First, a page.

Capitol Hill Buzz: Republicans want answers on visit to Iran
WASHINGTON (AP) — Stop us if you've heard this one. Three guys walk into ... the Iranian Interests Section in Washington.
They're Republican congressmen and they did actually march into the office that represents Tehran's only official government presence in Washington to apply in person for visas to travel to Iran. That was more than two months ago and they still don't have an answer. So they fired off a letter to Iranian Foreign Minister Mohammad Javad Zarif asking him what gives.
"If you reject our visa applications, please provide an explanation," wrote GOP Reps. Mike Pompeo of Kansas, Lee Zeldin of New York and Frank LoBiondo of New Jersey in the letter to Zarif released Wednesday. All three lawmakers opposed the landmark international nuclear deal with Iran.
The congressmen have outlined what amounts to a Republican fantasy trip, which may account for what they called the "ridicule and delay" their request has generated inside Iran.
They want to visit American hostages held by the Iranians and get briefings on the detention in January of 10 American sailors who strayed into Iranian territorial waters. They're also pushing for trips to three Iranian nuclear sites and to get information about Iran's recent ballistic missile tests that many Republicans contend violate a U.N. resolution.
The congressmen told Zarif they've already missed a chance to observe elections in Iran because of the delay.
"With your claims that many moderates were elected, we imagine that there should be no problems now with our trip," they wrote.
The lawmakers noted that the U.S. government allows Iranian leaders to come to the United States. And American business delegations are going to Iran, so clearly the corporate world is getting visas.
"We trust the same courtesy will be extended to American leaders," they wrote to Zarif.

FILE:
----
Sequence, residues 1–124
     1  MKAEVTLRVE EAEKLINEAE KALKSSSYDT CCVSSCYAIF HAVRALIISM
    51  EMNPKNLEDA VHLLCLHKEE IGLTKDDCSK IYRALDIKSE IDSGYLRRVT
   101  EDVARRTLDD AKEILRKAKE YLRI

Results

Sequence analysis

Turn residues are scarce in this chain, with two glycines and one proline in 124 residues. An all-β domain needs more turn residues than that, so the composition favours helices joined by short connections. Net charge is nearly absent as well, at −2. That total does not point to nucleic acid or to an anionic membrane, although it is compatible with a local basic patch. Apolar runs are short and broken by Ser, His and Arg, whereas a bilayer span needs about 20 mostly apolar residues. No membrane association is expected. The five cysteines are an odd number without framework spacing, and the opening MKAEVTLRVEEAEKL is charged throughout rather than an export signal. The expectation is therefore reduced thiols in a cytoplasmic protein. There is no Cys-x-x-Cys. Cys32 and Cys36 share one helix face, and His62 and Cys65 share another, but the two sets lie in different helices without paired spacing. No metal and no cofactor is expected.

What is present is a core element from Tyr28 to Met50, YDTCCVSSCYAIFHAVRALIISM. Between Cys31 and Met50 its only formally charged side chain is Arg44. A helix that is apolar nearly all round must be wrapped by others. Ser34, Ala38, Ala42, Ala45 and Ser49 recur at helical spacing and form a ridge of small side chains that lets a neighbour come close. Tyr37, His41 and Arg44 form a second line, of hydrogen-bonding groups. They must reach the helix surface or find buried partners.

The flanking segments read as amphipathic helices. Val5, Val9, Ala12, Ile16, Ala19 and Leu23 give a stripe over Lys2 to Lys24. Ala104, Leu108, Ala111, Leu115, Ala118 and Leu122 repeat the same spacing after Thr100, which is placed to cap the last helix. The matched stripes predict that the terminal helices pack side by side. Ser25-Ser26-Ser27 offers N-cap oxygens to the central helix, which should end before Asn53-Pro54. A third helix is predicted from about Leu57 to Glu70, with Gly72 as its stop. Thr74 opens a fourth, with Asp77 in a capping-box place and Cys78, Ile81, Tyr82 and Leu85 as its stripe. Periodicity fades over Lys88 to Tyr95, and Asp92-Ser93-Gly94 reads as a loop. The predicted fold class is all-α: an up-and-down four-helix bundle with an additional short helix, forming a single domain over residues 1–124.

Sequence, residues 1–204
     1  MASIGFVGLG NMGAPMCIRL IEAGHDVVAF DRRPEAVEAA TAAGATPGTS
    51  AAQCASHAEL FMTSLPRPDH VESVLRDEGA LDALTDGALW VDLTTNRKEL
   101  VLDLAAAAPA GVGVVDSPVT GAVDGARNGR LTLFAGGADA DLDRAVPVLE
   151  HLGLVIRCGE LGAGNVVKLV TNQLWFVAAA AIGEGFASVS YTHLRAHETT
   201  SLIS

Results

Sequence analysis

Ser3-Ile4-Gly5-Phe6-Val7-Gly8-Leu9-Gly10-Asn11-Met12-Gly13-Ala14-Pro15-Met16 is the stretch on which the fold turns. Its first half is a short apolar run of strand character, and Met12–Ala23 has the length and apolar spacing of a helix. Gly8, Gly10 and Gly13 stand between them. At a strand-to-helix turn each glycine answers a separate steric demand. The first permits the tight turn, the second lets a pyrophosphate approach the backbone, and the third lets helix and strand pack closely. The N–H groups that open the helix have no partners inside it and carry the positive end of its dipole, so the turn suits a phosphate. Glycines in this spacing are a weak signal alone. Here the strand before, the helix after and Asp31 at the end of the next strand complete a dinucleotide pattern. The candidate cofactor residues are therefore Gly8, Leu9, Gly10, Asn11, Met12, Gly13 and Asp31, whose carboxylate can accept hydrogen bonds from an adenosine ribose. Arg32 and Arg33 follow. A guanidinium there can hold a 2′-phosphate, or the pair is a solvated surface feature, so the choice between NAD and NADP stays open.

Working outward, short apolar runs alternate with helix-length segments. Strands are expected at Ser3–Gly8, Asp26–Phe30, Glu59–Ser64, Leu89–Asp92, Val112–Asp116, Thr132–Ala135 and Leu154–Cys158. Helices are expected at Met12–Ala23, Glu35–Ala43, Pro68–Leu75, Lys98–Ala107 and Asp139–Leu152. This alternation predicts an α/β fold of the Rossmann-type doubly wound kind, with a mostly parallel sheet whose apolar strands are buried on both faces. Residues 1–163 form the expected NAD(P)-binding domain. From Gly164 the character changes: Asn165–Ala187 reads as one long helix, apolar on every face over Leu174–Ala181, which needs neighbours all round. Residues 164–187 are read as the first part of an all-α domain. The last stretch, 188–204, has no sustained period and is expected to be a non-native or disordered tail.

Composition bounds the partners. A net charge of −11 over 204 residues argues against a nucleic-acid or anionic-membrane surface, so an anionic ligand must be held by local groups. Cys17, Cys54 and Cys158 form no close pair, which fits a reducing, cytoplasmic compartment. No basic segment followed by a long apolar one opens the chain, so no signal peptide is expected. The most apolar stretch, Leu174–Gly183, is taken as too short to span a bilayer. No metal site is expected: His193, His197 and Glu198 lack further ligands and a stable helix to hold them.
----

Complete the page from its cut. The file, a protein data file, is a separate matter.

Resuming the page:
Deputy Secretary of State Anthony Blinken didn't waste the moment when he sat down to testify at a Senate hearing ahead of U2 front man Bono.
"Mr. Chairman, as a wannabe musician I could only dream of one day opening for Bono," Blinken said in the packed hearing room. "So thank you for making that dream come true. It's not the Verizon Center, but I'll take it," he added, referring to the Washington's 20,000-seat arena.
Bono and Blinken testified Tuesday before told the Senate appropriations subcommittee on foreign operations about the global refugee crisis and violent extremism.
Senate Republicans have a sure-fire way of preventing President Barack Obama from making a recess appointment to fill the vacancy on the Supreme Court.
The answer: Pro-forma sessions through every recess and break, up and until Jan. 20, 2017 when the next president is sworn in.
That's the word from Judiciary Committee Chairman Chuck Grassley, who told Iowa reporters on a conference call Wednesday that GOP senators are lined up to preside over the brief sessions every three days.
"I think I'm signed up to be here December the 20th," said the Iowa Republican.
Obama has nominated federal Judge Merrick Garland to fill the opening on the court after the death of Justice Antonin Scalia. Republicans, led by Majority Leader Mitch McConnell, R-Ky., and Grassley, maintain that the president elected by voters in November should make the court pick.
It would be highly unusual for the president to make a recess appointment for the high court, but Republicans are taking no chances.
The special House panel investigating fetal tissue research has announced that it will hold its first hearing next week. But Republicans who control the committee are not saying yet who their witnesses will be.
Republicans formed the panel following last year's conservative uproar over videos showing Planned Parenthood officials discussing how their organization sometimes supplies researchers with fetal tissue after abortions.
Conservatives have accused the group of illegality, but investigations by several congressional committees and numerous states have unearthed no evidence of wrongdoing. Planned Parenthood has said the videos, secretly recorded by abortion opponents, were doctored.
By law, those providing fetal tissue can charge no more than the expenses they incurred, a requirement Planned Parenthood has said it's obeyed. As the controversy raged last year, Planned Parenthood stopped collecting anything for the tissue it provided.
The panel's chairman, Rep. Marsha Blackburn, R-Tenn., said next Wednesday's hearing will explore whether abortion clinics or businesses that provide tissue to researchers were making a profit.
Blackburn's panel has issued subpoenas for documents from clinics and companies.
Associated Press writer David Pitt in Des Moines, Iowa, contributed to this report.
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